Queens Museum Expansion Design Unveiled
The art museum will undergo a $37 million expansion to add more than 100,000 sq. ft. of exhibit space. Also, a Westchester County college plans a new international student facility.
Plan to Expand Queens Museum
Design work is continuing on a project to expand and renovate the Queens Museum of Art in Flushing Meadows, an effort that will double the institution’s existing space.
The $37 million project, designed by Grimshaw Architects of London and Ammann and Whitney of New York, will give the museum full use of the 105,000-sq.-ft., city-owned building that the institution has shared with a public ice rink in the facility’s southern half. The plan calls for rebuilding and restoring two façades; creation of a new winter garden and galleries; and building a Queens Library system branch focused on art and media. To accommodate the plan, New York City is building a new ice rink set to open later this year.
The design phase is expected to run through the spring. Construction would start later this year, with the museum set to reopen in late 2009 or early 2010.
A transparent curtain wall on the east façade will mark the entrance to a new, double-height lobby, which will offer views of a new glass bridge linking the museum’s north and south spaces on the mezzanine level. The west façade will be a glass wall facing the Grand Central Parkway showing displays of information about the museum that change as viewers move closer and farther away.
The fully sky-lit winter garden will feature translucent glass on a framework suspended from the museum’s roof trusses. The seven galleries will be organized around the garden pavilion, using the courtyard for natural light.
In addition to the glass bridge, the design also calls for a new grand staircase and glass elevator. The project will also add classroom, administrative, and exhibit storage spaces.
The original building was designed by Aymar Embury II for the 1939 World’s Fair, and was transformed into an ice rink and theater leading up to the 1964 World’s Fair. The museum opened in the northern half in 1972.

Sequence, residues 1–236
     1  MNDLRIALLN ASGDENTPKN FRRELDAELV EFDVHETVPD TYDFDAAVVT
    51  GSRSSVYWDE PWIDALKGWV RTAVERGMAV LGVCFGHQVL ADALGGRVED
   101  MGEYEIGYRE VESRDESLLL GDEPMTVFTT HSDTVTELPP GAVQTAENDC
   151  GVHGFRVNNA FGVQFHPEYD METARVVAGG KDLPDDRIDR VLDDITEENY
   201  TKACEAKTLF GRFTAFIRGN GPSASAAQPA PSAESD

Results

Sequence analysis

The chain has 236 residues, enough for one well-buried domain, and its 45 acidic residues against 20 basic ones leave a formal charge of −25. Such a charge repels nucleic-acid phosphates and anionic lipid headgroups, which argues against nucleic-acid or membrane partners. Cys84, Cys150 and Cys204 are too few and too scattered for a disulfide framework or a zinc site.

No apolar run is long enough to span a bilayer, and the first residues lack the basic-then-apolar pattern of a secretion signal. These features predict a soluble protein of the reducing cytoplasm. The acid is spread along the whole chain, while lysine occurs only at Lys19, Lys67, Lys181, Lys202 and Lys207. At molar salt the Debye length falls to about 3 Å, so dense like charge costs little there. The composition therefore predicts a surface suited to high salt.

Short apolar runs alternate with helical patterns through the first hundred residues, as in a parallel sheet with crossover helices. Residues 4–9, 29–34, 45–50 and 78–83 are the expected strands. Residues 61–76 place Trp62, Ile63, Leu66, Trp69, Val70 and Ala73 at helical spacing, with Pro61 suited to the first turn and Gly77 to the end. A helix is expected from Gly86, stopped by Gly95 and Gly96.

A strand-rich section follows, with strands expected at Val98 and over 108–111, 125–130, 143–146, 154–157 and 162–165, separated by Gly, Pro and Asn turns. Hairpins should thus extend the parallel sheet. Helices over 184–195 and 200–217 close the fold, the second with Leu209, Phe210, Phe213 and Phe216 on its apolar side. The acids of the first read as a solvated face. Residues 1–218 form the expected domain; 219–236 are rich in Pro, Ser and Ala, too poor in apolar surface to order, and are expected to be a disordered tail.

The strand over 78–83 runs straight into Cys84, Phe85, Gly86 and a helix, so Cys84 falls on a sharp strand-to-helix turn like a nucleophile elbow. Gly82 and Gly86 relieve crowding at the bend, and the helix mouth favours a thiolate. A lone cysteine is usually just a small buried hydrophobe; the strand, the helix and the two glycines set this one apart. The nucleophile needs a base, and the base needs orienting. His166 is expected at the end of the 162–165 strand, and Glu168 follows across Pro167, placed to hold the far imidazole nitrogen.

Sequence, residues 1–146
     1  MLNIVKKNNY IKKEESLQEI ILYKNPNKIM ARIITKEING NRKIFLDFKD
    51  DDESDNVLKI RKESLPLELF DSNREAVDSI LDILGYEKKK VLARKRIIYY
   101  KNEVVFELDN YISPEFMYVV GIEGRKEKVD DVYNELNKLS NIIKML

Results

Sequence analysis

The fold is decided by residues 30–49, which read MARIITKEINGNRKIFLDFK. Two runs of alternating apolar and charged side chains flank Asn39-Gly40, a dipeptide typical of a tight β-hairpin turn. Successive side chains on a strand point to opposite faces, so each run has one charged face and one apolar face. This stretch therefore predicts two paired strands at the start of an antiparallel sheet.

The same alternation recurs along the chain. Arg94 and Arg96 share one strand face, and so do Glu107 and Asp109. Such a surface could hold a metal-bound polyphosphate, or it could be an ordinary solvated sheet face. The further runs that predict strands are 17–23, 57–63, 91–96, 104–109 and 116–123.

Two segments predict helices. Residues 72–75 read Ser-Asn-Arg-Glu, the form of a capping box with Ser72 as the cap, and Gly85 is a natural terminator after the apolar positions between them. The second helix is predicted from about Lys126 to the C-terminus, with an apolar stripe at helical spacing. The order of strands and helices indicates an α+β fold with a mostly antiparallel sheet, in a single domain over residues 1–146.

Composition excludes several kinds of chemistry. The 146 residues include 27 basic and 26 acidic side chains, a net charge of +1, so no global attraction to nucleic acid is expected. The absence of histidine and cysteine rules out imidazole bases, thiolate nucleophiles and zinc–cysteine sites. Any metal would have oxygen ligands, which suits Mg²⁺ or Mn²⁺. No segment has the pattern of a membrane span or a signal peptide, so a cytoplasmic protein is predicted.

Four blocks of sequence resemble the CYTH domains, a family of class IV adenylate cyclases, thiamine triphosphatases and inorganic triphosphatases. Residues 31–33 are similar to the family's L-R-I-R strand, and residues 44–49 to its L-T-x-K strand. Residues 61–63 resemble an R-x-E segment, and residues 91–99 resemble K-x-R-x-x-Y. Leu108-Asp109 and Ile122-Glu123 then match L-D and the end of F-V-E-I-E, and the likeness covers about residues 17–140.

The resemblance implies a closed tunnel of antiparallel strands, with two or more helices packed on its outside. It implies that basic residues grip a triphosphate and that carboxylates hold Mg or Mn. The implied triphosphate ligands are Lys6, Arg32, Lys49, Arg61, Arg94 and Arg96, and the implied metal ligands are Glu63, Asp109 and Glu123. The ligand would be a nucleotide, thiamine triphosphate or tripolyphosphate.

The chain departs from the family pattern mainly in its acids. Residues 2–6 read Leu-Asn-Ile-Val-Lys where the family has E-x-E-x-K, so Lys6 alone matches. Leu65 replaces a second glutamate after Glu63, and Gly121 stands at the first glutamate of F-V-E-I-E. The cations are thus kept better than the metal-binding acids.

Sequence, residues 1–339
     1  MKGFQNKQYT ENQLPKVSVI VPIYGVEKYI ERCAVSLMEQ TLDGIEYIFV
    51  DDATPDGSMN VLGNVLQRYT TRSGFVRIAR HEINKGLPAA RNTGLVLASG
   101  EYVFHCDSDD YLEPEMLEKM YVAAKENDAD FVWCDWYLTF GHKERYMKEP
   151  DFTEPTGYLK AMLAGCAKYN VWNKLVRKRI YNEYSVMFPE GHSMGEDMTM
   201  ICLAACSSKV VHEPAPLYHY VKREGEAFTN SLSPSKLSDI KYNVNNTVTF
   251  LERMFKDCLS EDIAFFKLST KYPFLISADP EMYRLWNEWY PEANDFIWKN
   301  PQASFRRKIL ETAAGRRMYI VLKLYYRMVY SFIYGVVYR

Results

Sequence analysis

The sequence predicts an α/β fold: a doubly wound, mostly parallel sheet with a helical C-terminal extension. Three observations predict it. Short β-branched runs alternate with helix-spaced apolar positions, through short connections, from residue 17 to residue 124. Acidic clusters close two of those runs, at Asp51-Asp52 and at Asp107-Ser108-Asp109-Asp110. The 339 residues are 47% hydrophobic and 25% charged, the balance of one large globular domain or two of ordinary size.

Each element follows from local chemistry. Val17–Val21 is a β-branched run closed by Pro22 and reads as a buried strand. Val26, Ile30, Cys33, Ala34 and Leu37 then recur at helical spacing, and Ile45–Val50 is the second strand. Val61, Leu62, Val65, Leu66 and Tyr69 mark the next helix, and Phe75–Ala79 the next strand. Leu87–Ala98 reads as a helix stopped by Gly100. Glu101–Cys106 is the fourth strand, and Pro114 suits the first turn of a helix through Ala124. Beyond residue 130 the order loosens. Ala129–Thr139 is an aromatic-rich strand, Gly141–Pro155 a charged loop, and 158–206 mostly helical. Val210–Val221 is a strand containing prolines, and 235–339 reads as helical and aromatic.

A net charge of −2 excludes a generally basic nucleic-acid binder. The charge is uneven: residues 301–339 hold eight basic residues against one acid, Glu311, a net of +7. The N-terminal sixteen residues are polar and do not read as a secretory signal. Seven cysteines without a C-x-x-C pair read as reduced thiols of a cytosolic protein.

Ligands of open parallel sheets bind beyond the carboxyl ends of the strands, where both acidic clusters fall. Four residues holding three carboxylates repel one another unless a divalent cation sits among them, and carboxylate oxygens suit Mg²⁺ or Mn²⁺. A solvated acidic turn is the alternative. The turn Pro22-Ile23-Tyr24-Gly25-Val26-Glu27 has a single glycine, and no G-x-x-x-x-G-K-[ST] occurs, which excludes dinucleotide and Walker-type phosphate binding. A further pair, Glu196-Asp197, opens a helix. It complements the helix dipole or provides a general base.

The city’s Department of Design and Construction chose Grimshaw and its team under the Design Excellence Program launched by Mayor Michael Bloomberg. It calls for high-quality designs in public works projects.
Westchester College Plans Facility
Westchester Community College plans to break ground this spring on a 70,000-sq.-ft. facility on its Valhalla, N.Y., campus that will serve foreign-born students.
Designed by Polshek Partnership of New York, the Gateway Center will feature classrooms, student activity space, a 175-seat auditorium, and conference rooms behind a glass, zinc, and stone façade. The building is designed to meet basic Leadership in Energy and Environmental Design criteria.
When it opens in 2009, the $40.5 million center will primarily serve international students. It will house the college’s English Language Institute, which currently has 4,000 students, and International Student Services, among other departments. The design incorporates the results of a three-year study by the college and the local business community into the priorities of foreign-born students.
New Park Designs in N.J.
New Jersey state agencies have selected design teams for the first phase of a 10-year, $100 million project to create an urban state park in Trenton, as well as a new park in Paterson.
The state’s Department of Environmental Protection and Department of the Treasury, along with the New Jersey State Council on the Arts and the New Jersey Institute of Technology, conducted national competitions to select Wallace, Roberts, and Todd of Philadelphia to design the park in Trenton and Field Operations of New York for the Paterson park.
The planned Capital City State Park would reconnect Trenton to its surrounding waterways. Focusing on accessibility and the integration of natural and man-made environments, the selection panel favored proposals that would be able to link historic sites and existing parks, emphasizing the Trenton area’s significant role in the American Revolution.
In Paterson, Great Falls State Park would both showcase the second largest waterfall east of the Mississippi and emphasize the area’s Native American and industrial past.
For each park, Gov. Jon Corzine has set aside $500,000 for the first phase of construction and the Garden State Preservation Trust has awarded $400,000 design grants.
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